Premium matcha green tea
powder fresh from Japan!
The finest matcha comes from Uji. This region has perfect conditions for producing matcha- misty climate, sloping hills, rich soil and a wide range of temperature between day and night. Uji produces the highest quality gyokuro and matcha.
Matcha is finely ground powder of specially grown and processed green tea leaves. Green tea plants for matcha are shade-grown for about three weeks before harvest, and the stems and veins are removed in processing.
When you drink matcha you consume the leaves. This makes matcha especially potent and energizing. To prepare quality matcha you should use 2 items- a matcha bowl and a bamboo whisk. The chashaku (bamboo spoon) is not necessary. Some customers enjoy using it as it adds to the ritual effect of preparing the tea. This spoon is included in our matcha sets in our catalogue. There are 2 types of gourmet matcha teas- koicha and usucha. These are Japanese Tea Ceremony terms and translate as "thick" and "thin" matcha. Usucha comes from tea leaves that are less than 25 years old. Koichacomes from the first harvest of leaves that area minimum of 25 years old. This delicious and energizing tea comes from tencha- gyokuro leaves that have been steamed and dried. Tencha is stone-ground to a very fine powder. Matcha is uniquely Japanese.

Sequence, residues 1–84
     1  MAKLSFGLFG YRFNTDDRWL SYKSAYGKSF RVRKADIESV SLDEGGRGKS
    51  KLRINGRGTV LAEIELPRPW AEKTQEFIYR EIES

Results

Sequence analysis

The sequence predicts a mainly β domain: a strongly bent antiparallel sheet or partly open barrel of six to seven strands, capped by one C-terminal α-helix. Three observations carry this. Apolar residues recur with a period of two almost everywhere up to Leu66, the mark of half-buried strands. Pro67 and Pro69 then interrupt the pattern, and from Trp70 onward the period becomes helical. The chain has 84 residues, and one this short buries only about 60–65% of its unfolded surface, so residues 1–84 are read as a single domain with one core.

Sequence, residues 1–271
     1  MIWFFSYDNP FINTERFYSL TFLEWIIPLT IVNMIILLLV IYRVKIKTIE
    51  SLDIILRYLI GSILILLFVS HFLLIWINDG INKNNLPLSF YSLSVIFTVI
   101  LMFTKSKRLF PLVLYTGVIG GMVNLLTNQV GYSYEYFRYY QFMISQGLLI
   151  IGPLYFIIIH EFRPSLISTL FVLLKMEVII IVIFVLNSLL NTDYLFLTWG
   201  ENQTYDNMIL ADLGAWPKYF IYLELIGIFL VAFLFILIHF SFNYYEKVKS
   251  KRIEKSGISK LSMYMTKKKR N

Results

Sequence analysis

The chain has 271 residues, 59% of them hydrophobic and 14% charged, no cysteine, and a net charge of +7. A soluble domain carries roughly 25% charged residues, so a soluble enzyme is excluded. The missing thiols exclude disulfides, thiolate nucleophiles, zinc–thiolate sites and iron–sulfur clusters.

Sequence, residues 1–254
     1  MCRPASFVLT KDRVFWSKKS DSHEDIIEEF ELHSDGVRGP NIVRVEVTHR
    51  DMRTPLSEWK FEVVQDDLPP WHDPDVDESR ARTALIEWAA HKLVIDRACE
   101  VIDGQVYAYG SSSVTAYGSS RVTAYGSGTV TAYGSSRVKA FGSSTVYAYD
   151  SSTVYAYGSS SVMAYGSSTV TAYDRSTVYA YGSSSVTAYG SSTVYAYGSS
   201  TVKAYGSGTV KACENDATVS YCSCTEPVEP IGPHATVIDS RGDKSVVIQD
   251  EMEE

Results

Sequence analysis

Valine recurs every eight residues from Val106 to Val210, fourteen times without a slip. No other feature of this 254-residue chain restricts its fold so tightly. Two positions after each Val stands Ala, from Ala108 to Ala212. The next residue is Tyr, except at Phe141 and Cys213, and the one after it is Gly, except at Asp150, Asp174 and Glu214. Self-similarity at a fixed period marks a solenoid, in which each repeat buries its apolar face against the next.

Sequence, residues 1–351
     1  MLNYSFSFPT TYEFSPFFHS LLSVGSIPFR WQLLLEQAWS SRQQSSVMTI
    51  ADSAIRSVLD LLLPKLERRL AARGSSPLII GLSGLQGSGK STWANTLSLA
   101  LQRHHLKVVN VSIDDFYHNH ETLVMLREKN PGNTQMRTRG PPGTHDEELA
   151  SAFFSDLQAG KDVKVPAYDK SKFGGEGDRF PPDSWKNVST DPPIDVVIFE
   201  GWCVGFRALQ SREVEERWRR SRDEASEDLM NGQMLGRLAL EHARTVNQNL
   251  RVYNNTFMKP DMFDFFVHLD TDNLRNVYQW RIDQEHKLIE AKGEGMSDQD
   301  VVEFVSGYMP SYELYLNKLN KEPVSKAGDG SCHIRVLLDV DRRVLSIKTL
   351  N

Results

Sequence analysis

This delicious and invigorating tea has a naturally mellower and sweeter taste and is made thicker for that reason.
Matcha preparation is personal, and there are no rules outside of Tea Ceremony. If you are new to matcha it may take you 2 or 3 attempts to find the concentration that is right for you. Koicha when prepared in tea ceremony is very thick, like syrup. If you whisk thin tea this way it might be somewhat bitter.
While there is a qualitative difference (thick matcha is composed of the highest quality leaves) there is also a significant difference in cost.
When processing matcha the rolling and twisting steps typical to the gyokuro process are skipped. Instead, the leaves go directly into a stone grinder, which pulverizes the leaves into a silky chartreuse powder. The powdery texture is critical to making the wonderful froth.